Using Barcodes as Train Tickets
Train riders across England will soon be able to purchase their tickets using their cell phones, and use them without having to print or copy. The Department of Transport (DfT) today released a consultation document, inviting comments on the development of its future smart ticketing strategy for public transport in England.
While smart ticketing schemes have sprung up in isolation in a number of towns and cities in the UK, the consultation marks a major step in the creation of a nationwide, electronic ticketing system. Electronic ticketing takes advantage of bar code labels, which can store all of the tickets information in a row of lines creating a bar code. Bar codes can be read by any barcode scanner, and most smartphones. This means that train riders in England will no longer have to carry a paper copy of their ticket.
The Department is hoping to introduce integrated ticketing over the next five to 10 years – allowing consumers to purchase a single ticket to travel on any mode of transport across any number of transport operators – an idea it believes can be aided through the introduction of smart ticketing and bar coding.
Smart ticketing, where a ticket is held on a chip or bar code rather than a piece of paper, was popularised in the UK by London’s contactless Oyster card scheme, introduced in 2003. The government is now looking at other smart ticketing options, including tickets sent in barcode form to travellers’ phones and print-at-home tickets.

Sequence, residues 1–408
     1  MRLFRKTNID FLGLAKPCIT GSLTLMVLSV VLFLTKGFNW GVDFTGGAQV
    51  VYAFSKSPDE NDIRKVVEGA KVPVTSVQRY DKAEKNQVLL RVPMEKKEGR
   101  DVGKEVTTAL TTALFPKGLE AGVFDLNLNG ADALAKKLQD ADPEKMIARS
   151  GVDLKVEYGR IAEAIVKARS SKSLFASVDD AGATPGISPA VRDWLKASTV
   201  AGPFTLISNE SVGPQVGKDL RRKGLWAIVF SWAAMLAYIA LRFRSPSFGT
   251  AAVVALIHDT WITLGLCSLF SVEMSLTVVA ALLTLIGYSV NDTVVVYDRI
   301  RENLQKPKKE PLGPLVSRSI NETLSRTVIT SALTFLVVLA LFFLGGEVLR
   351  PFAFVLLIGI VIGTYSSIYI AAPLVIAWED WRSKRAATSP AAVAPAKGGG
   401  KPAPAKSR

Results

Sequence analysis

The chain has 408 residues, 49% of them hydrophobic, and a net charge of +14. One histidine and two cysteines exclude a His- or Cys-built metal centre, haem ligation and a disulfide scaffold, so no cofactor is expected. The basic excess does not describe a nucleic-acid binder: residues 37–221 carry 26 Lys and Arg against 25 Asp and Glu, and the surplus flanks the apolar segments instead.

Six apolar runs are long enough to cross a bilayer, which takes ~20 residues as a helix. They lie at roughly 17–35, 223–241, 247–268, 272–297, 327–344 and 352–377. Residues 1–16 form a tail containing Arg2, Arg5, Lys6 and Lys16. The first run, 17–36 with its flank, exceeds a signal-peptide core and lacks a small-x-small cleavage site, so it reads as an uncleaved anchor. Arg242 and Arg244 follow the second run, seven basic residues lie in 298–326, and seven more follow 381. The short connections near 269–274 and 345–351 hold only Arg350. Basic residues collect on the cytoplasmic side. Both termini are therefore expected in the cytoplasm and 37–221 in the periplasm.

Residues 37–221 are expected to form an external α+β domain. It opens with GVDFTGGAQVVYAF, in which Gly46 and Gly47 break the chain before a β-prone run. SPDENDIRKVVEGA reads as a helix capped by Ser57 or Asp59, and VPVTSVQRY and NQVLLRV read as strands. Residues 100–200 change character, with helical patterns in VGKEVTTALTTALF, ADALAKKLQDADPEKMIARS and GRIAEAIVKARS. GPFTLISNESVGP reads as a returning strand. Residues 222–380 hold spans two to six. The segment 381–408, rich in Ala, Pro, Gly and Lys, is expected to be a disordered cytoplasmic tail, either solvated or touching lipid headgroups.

The DfT is also considering the promotion of NFC (near field communications) for ticketing. NFC, used in the Oyster card, allows users to tap a card or other device on a reader and pay for a ticket automatically using stored credit or a pre-purchased ticket.
Among the NFC options being examined by the government are NFC bank cards and mobile phones.
The consultation paper also floats the idea of extending the smart tickets to make them multifunctional: as well as using them to pay for travel, holders could use them to pay for parking or bicycle hire as well as a library card. Local authorities could also see the cards double up as ‘entitlement cards’ or ‘citizens’ cards’ – cards used by holders as proof of entitlement to benefits and services.
The smart tickets could also be used in e-money schemes, such as for car clubs, and form part of loyalty or reward schemes.
This is another great example of how barcodes can impact our everyday lives, and as this trend catches on around the world, I can assure you that more barcodes will be used throughout the next few years, possbily in other industries.
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